INDIAN TRAILBLAZER: My Illness

This is the photo many have talked about, I was drained of strength

I  recently shared the painful news of the passing of my beloved brother-in-law, Dr. Hasan Khan. It’s still so hard to grasp that he is no longer here.

PRAYERS FOR SHALA; REMEMBERING HASAN https://sarinafazan.com/2019/06/14/prayers-for-shala-remembering-hasan/

Hasan died just two months shy of his 57th birthday

My beautiful sister and Hasan’s wife, Shala, is in so much pain, but she always puts others first. She is encouraging me to continue writing “Indian Trailblazer.” I stopped in March because cancer was not only taking a stronger hold of my brother-in-law, but it was also draining the life out of my beautiful sister. I called Shala everyday from Tampa. I still hear her gravely voice, grasping onto hope and clinging to faith, that her husband of more than 25 years would come out of this. I remained strong while I spoke to her on the phone, forcing back tears and desperately trying to keep my voice steady. But as soon as I hung up, the tears, like water in a faucet, flowed out of my eyes. The fear of what would happen seemed to suck the oxygen out of the air I was breathing. Even though I am blessed with wonderful friends,  I told no one the extent of the struggles. I thought maybe if I did not voice it, Hasan would somehow be spared. I begged God for mercy. How could this happen to sweet Shala?


This is one of my most favorite pictures of Shala
What I wouldn’t do to see her smile just like this again

After Hasan passed, I did finally write two passages. I needed to honor and remember him. Shala still has not read them. She said it’s simply too painful right now, but she did see the titles, including the heading of my second blog entitled
“Promises: The hours before my brother-in-law passed away”.
Then, only as my sister can, she held my hand and looked into my eyes and asked me to make her a promise to continue writing.

Me and Shala the summer of 2018

I will do anything to ease her pain and it is helping me too. Shala realizes this. She is almost like a twin. She can read me and knows writing is my therapy. So, here I am in Chicago, on the one month anniversary of Hasan’s death, honoring that wish with the resurgence of “Trailblazer.” Instead of going right back into the journey, I will first answer a question.

I am humbled that so many have been interested and asked for more information about my illness that forced my family to leave India.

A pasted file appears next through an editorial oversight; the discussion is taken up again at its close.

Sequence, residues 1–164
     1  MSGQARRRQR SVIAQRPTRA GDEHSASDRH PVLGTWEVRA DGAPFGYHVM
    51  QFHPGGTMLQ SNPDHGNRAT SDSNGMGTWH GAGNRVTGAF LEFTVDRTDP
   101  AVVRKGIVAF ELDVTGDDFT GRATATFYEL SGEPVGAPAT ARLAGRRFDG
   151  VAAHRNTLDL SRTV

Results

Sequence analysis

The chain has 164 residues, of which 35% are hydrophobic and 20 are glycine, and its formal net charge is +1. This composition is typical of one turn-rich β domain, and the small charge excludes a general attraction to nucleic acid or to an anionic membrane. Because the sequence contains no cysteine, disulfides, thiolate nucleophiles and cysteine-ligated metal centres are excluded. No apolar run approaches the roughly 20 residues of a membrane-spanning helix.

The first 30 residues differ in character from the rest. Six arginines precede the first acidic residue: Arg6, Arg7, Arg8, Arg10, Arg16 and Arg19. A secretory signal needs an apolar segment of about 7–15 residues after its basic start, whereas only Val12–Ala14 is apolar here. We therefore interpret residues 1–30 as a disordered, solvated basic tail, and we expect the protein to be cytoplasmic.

I asked my mom and dad to explain further and I also asked for pictures. I not only wanted to touch and hold the photos. In some way, I was hoping to go back and grasp some of the memories buried deep in my mind. I need my families help to remember the details. Not only the sights and sounds, but the emotions. You will learn why I struggle so much with memory loss as I continue my journey. I can tell you it’s a direct result of the painfully searing decision I made to leave my family at 18.

But, but back to my illness. I had no official diagnosis except that I had a very weak immune system. I also lacked much needed oxygen. My parents do not know if I was born with it or if it was a result of being subjected to the harsh conditions of an impoverished country.

This picture only gives a small glimpse of the population in Hyderabad

I do not mean to talk ill of my birthplace, but it’s a country in dire need of help. In the city of Hyderabad where I was living, nearly seven million people occupy a 250 square mile radius. So many people, so little food. Dirty at every corner, you wonder if there is any type of oasis hidden in the depths of the city. Not likely. Water is so discolored it looks like tea. Food is so scarce, babies walk around hungry with distended bellies and some adults lack limbs because of the lack of nutrients.

My parents lived in this environment. They learned to cope. They hoped liked many young married couples with a baby they could find a place to live. It was my condition that made that impossible.

My mom just graduated from college. My dad was working but barely made enough money to make ends meet and with a sick daughter, there was no way his salary would even cover the basics.

My mother and father in their college photos

But my mom’s parents had money to sustain a modest lifestyle. My mother told it me it was a humbling decision. My dad’s father had died when he was only 14. His mother forced to take refuge in Pakistan because of a raging civil war. My dad had no where to turn. So to save me, they swallowed their pride and moved in with her parents.

My grandparents

Now that they didn’t have the burden of paying living expenses they could solely concentrate on my health.

A mother myself, I can feel my own mothers anguish. The paralyzing fear of losing a child. How it must have not only consumed her every waking moment, the despair also not allowing her to sleep.

My parents used every penny they had to try and nurse me back to health. The money not just for doctor visits, but also trying to sustain a healthy diet. My mom told me she would go to the market everyday and get me apples. My father scoured the best parts of the city looking for fresh chicken. They used to make a soup mixed with white rice. My parents said it was my best chance for proteins and carbohydrates.

My mom then would massage my body, especially my legs and arms with oils. She could see the limbs were weak. She knew I needed calcium, but my stomach could not dairy.

Despite all of these efforts, I was withering away. I was three now and the doctors said my best hope was America.

2 comments

  1. Please continue your writing, it is intriguing, as well as comforting. You can feel the love in your words.

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